KABUL: There is possibility of change in the preliminary presidential election results once our investigation being completed, said an official of Independent Electoral Complaint Commission (IECC).
Our employs facing problem in the line of their duty in provinces, said Chaman Shah Etemadi, head of the secretariat of the IECC.
“Let`s come and sit together and investigate the complaints, to determine if the complaints are documented or not. If the complaints are documented, 50 complaints will affect the election result, but if the complaints are not documented, 50,000 complaints will not affect the result,” Etemadi was quoted as saying by TOLONews.
Meanwhile, some of the IECC`s provincial heads said they faced problems during their investigation of complaints. Ahmadullah, a member of the Herat IECC, said: “We try our best to assess these complaints.” Ashna Gul Bandawal, the Kandahar IECC`s head, said that his office registered 1,524 complaints claiming electoral crimes and 443 complaints claiming electoral violations.
“We don’t have access to the Independent Election Commission (IEC) database , and we demanded that the IEC and IECC (in Kabul) make this available to us,” Bandawal added.
Siddiqullah Tawhidi, a member of the special electoral reform committee, said, “if the IECC doesn’t have access to Dermalog`s system it means that they will not assess the complaints accurately.”
Based on the initial result of the presidential election, President Ashraf Ghani beat the competition with nearly 12,000 votes, and the chance of winning a second term election is close.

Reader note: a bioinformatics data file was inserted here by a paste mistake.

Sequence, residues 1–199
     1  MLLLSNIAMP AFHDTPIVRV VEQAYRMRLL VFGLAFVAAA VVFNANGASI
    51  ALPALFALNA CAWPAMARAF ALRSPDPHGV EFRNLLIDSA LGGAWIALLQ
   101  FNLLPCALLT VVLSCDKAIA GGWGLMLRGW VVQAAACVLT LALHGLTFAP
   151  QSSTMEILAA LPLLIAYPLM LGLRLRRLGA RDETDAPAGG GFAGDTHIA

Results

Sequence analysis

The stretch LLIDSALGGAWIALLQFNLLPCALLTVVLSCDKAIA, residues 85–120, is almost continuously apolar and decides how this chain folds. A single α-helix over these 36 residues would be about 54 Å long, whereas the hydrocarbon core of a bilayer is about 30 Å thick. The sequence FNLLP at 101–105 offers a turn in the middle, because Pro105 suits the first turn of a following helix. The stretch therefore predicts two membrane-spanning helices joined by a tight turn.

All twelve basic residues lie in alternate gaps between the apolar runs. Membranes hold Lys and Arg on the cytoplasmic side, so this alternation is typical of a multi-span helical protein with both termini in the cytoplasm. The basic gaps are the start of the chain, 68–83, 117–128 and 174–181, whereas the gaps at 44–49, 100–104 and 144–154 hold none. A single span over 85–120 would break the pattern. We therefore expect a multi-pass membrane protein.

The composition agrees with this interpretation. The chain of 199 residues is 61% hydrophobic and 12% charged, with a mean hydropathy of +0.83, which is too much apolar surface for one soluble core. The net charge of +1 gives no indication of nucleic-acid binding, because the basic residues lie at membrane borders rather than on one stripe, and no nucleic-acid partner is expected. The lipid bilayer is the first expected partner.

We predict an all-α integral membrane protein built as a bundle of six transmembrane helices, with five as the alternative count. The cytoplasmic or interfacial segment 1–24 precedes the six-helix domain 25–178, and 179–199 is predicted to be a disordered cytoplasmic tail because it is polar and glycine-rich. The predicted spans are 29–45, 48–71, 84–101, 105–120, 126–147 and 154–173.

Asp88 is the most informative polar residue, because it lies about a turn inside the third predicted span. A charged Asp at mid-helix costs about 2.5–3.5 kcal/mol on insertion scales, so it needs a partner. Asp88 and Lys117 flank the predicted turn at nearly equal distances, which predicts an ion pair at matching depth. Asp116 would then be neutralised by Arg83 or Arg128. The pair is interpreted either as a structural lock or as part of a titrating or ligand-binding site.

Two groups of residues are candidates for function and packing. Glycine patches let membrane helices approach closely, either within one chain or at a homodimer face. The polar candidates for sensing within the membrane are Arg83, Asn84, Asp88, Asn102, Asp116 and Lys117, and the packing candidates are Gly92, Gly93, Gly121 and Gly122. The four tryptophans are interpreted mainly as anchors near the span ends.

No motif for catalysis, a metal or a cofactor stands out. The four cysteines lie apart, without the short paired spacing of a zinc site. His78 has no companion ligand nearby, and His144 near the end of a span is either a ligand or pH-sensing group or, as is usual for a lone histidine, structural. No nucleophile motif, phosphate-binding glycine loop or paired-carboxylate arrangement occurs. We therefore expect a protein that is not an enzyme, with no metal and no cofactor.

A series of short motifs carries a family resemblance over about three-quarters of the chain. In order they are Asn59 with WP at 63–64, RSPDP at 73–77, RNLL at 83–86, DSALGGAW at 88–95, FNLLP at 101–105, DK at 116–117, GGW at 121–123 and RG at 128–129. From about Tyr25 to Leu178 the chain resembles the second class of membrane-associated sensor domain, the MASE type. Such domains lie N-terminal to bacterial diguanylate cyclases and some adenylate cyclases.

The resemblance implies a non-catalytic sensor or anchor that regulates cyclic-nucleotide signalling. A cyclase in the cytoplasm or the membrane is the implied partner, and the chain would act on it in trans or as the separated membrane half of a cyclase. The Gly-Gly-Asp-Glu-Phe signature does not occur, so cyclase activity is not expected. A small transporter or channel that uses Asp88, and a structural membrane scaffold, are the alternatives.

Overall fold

Abdullah Abdullah’s election campaign team, which has had a disagreement with the IEC over 300 thousand votes that they describe as “fraudulent,” said that the announced result is based on ‘fraudulent’ votes.
Recently an election watchdog has expressed grave concern over the hurdles facing the work of the Independent Electoral Complaints Commission (IECC).
Free and Fair Election Forum of Afghanistan (FEFA) welcomed the efforts made by IECC with regard to ‘precise and fair’ adjudication of complaints.
It said addressing the 16,500 complaints necessitated transparent, accurate and comprehensive proceedings on the part of IECC in light of the law.
Given the staggering number of complaints, the FEFA, however, said there was a need for more time to adjudicate them and that this matter was a serious challenge in the work of IECC.
FEFA suggested that the IECC should have paved the ground for addressing the complaints in provincial offices of the electoral body and thus some shortcomings arising from this area would prolong the process.
FEFA also urged all the parties involved in the election process to support the IEC in order to strengthen the credibility and legitimacy of the election. The statement also said these parties should avoid any kind of interference in the electoral commission’s affairs.